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Living without waste

No plastic packaging, no takeaway coffee cups: it is not easy to live without generating waste, but it is possible. Two families show how it is done and give some simple tips.

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Germany. Is it too idealistic to imagine a life without waste? In an era dominated by online mail order services, an addiction to takeaway coffee and plastic packaging, it does at least sound a very distant dream. Per capita, Germans produce more than 600 kilograms of rubbish each year – which is well above the EU average of around 474 kilograms per head of the population.

At the same time there is an opposite trend, with people attempting to generate as little waste as possible by buying directly from producers, using fabric rather than plastic bags, and establishing a compost heap in the garden. The zero-waste trend involves six rules: refuse, reduce, reuse, repair, recycle and rot.

Setting a good example

Two families show that it is possible – even with children – to get through life creating virtually no rubbish. “We hope that our zero waste approach will save us time, improve our quality of life, reduce our carbon footprint, give us better health and save us money”, explains the “zero-waste family”, a family with three children from Bruckmühl in Bavaria.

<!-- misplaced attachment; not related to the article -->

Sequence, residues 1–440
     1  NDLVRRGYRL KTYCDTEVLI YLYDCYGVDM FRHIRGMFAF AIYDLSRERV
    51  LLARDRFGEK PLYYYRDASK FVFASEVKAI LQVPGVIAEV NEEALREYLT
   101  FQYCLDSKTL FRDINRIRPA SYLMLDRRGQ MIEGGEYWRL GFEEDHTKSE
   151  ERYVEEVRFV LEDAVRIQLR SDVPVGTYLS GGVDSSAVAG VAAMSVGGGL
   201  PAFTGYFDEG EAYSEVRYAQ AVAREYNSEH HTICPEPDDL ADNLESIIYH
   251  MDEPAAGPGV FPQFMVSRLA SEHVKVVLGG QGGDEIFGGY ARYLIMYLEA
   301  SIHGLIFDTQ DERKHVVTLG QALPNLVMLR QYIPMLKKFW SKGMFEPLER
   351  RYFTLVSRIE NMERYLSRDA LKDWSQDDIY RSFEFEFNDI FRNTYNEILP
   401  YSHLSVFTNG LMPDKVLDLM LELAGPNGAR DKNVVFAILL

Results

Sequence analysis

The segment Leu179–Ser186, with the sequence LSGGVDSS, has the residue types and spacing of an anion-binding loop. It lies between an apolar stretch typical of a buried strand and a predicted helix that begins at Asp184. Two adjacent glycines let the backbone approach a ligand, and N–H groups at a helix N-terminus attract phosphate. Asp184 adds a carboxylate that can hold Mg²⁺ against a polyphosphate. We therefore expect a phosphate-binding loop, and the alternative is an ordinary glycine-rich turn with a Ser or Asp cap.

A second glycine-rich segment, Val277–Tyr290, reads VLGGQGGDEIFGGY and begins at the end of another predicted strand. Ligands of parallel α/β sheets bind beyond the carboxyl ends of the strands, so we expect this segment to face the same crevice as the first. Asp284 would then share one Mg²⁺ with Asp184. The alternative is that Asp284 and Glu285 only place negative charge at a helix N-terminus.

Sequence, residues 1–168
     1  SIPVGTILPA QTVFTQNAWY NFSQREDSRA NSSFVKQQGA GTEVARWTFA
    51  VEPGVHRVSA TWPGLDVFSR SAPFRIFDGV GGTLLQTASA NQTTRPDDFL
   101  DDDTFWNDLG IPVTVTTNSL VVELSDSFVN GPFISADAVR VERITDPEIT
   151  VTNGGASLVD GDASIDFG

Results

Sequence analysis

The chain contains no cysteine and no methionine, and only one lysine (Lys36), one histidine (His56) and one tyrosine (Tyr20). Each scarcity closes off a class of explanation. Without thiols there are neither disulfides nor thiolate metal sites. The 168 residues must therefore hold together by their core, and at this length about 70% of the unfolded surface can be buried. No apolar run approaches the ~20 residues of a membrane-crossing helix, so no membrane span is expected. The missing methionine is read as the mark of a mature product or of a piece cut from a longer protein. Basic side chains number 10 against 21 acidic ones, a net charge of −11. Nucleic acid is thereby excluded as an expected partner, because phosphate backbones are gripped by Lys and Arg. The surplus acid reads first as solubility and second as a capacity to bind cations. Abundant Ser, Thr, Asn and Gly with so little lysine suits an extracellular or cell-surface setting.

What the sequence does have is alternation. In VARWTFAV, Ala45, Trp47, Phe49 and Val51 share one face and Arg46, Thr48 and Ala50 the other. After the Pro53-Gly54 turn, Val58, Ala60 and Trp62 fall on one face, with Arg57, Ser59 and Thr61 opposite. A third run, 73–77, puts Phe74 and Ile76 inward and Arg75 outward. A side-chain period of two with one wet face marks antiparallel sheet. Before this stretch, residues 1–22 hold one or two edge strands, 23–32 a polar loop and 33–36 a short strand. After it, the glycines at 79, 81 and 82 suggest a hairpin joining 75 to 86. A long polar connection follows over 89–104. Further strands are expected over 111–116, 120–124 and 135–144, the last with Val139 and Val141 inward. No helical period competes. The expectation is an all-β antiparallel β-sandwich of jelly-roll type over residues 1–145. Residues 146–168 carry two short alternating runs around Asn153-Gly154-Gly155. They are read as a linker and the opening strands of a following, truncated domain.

A family from Cologne reports on their experiences on a blog entitled In her bathroom for example, Verena Klaus uses no more than a small piece of soap made from olive oil, a wooden toothbrush, toothpaste powder and coconut oil for removing make-up. To make shampoo she mixes rye flour with lukewarm water, her home-made deodorant is made from bicarbonate of soda, cornflour and coconut oil, while her eye shadow is a blend of cinnamon, cocoa and turmeric.

Three tips for creating less waste

  1. Regrow vegetables: If your potatoes have sprouted in the crisper drawer or your spring onions have dried out, don’t chuck them in the compost bin. Spring onions will regrow if placed in a glass of water, while potatoes can be put in a flowerpot at first and later replanted in the garden, where they will grow into large, strong plants with lots of new potatoes.
  2. Cook yourself rather than order food: Ordering takeaway food produces large amounts of waste – pasta is delivered in polystyrene packaging along with disposable cutlery and napkins. It is better to buy the pasta yourself and to serve it up with fresh tomatoes from the market or your balcony, and with fresh herbs and spices. It is also much more delicious that way! If you really do not have time to cook, it is better to eat in a restaurant than to have takeaway food delivered.
  3.  Buy unpackaged products: These days there are shops in many big cities that sell unpackaged foods. Cheese, rice and yoghurt are simply filled into reusable containers that customers bring with them.